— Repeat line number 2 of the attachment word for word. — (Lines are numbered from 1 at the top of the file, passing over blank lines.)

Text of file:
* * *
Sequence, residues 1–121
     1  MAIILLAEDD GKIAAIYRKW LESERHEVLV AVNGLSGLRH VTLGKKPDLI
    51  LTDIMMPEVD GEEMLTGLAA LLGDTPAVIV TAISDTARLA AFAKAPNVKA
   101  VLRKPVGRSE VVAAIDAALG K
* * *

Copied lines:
     1  MAIILLAEDD GKIAAIYRKW LESERHEVLV AVNGLSGLRH VTLGKKPDLI